What is Addiction?
A neurological impairment that leads to continuous repetition of a behavior despite adverse consequences.
People with Addiction do things that defy explanation. Despite all the bad things that happen or could happen when they take drugs, they continue to seek out, procure and imbibe in substances that their brain craves. This craving is so intense, the brain justifies irrational behavior that might include theft, prostitution, starvation, neglect, and reckless actions.
It is a chronic relapsing disease, the same as diabetes or asthma.
Addiction is a disease. It has specific symptoms that are created by using drugs. It is Chronic because there is no cure. With treatment, an addict can be in recovery and manage their disease, but they will never fully be free. It is relapsing, addicts that are clean for short and long periods of time will find “Triggers” that cause their brain to seek out old stimuli that include drugs.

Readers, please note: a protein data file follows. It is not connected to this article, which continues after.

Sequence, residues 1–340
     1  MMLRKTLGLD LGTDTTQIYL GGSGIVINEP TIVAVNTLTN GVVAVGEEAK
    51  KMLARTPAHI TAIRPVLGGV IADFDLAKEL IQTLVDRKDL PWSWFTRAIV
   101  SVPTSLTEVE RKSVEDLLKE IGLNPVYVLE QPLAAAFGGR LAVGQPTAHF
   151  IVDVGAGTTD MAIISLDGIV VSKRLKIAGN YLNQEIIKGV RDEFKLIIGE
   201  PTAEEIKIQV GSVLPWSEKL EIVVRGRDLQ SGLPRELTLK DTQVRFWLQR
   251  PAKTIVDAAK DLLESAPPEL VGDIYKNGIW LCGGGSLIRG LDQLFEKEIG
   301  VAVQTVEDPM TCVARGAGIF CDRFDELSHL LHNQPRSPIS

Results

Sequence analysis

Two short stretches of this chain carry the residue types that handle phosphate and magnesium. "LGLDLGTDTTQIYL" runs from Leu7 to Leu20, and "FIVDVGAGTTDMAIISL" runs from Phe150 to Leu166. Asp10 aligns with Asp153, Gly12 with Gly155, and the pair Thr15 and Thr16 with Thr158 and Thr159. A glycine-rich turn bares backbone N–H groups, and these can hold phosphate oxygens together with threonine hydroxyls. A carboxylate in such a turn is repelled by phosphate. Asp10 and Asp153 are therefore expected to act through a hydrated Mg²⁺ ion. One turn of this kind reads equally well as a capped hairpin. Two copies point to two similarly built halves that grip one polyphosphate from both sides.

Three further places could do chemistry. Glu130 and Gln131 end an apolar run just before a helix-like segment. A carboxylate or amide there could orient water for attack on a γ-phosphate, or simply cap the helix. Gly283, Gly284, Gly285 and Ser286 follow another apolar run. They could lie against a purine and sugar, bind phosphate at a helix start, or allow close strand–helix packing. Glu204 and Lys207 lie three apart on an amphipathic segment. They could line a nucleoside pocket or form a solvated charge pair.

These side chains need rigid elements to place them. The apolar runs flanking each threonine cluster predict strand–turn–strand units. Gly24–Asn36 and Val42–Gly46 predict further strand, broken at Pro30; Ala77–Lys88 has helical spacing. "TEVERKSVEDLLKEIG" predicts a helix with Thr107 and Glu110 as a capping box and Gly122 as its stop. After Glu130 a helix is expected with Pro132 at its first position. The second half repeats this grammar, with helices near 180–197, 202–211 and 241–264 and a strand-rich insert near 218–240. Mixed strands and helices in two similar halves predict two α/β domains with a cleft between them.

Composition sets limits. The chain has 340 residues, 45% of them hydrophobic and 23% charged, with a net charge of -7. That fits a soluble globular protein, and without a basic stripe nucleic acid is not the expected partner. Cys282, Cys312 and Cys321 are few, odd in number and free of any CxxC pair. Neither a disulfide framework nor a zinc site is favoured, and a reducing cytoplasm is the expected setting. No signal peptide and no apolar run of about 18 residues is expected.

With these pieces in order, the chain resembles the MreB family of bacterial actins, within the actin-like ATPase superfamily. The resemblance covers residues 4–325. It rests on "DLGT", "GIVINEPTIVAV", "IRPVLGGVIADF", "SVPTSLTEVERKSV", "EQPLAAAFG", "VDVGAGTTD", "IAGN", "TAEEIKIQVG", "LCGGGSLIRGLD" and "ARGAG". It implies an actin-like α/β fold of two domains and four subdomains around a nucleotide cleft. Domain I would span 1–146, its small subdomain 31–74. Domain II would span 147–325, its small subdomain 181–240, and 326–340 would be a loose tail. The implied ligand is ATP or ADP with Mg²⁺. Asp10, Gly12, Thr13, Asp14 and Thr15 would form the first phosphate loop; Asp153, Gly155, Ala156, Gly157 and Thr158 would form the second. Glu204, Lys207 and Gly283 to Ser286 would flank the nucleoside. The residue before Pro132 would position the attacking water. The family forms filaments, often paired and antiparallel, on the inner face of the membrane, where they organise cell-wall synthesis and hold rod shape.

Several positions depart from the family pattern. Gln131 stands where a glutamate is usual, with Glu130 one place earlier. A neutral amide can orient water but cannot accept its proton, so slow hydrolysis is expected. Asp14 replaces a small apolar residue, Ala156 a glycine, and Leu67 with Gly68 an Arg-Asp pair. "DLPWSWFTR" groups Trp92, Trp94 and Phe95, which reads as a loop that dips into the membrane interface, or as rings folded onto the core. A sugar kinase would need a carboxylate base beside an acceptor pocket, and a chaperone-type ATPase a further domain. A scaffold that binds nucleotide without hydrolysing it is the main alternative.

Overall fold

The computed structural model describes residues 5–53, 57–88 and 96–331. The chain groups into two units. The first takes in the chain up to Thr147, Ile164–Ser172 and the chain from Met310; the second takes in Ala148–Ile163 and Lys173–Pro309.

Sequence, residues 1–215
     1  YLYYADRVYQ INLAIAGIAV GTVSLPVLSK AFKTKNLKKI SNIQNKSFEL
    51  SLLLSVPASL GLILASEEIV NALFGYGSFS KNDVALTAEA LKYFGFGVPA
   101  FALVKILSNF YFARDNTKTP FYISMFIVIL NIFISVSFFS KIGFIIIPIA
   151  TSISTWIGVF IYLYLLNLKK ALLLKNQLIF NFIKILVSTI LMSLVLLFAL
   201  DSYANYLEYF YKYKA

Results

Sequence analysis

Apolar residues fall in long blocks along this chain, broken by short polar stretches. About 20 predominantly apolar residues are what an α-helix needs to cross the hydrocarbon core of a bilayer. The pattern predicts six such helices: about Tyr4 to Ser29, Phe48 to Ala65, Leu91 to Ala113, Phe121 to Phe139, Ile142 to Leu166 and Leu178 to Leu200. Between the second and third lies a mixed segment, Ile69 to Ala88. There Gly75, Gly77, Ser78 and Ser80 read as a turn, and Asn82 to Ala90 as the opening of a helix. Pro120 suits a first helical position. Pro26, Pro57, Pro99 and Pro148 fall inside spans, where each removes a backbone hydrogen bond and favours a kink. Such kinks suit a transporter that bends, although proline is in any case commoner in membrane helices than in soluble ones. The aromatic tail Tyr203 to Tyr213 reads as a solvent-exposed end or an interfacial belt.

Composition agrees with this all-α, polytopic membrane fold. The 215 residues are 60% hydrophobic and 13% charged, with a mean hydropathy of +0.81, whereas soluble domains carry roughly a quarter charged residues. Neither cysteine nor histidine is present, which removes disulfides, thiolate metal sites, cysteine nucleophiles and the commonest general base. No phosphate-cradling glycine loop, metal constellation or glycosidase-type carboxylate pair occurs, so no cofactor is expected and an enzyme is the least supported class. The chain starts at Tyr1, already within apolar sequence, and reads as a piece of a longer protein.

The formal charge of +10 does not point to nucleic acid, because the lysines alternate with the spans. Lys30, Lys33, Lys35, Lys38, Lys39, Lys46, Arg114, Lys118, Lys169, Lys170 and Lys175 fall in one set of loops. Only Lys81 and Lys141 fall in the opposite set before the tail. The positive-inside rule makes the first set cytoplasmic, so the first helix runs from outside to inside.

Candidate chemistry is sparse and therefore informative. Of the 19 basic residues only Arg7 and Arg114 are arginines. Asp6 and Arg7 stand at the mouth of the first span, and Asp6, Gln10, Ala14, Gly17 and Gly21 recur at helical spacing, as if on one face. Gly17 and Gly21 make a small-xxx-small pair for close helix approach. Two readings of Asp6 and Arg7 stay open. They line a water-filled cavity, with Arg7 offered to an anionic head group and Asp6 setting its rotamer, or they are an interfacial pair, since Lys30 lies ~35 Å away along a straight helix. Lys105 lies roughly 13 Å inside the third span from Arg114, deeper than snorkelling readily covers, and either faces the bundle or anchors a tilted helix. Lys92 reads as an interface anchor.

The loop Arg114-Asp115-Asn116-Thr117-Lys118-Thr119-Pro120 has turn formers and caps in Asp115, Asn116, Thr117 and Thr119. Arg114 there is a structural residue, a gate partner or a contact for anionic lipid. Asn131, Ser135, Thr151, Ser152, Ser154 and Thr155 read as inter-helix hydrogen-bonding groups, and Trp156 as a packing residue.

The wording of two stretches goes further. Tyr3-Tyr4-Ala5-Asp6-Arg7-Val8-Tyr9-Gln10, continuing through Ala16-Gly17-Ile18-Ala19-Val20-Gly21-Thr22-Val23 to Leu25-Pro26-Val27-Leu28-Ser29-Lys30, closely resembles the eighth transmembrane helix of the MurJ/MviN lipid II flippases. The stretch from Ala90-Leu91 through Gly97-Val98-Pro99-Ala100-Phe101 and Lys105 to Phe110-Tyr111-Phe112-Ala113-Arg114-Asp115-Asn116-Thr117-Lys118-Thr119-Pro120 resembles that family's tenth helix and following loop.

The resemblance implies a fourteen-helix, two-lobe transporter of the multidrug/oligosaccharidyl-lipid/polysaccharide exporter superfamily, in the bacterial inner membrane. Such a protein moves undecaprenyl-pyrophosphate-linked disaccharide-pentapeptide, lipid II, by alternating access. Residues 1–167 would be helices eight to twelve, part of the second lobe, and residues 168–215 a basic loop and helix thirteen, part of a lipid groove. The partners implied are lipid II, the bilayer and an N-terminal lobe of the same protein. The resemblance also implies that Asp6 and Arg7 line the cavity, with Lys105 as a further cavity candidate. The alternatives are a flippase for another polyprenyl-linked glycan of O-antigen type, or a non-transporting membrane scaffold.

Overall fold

Physiological dependence occurs when the body has to adjust to the substance by incorporating the substance into its normal functioning. This creates the tolerance and withdrawal effects.
The “High” that is achieved from drugs, results from flooding the brain with dopamine. The brain adjusts to these abnormal levels to replace balance. This new balance, or tolerance, requires the greater quantities of the drug to create a “High”. This cycle progresses quickly and the new balance requires a continuous presence of the drugs. Without the presence of the drugs the brain and the body go into withdraw.
More Information On Addiction:
Harvard mental Health Newsletter: How Addiction Hijacks the Brain
Shatterproof: The Science of Addiction
National Center for Biotechnology Information: Imaging the Addicted Human Brain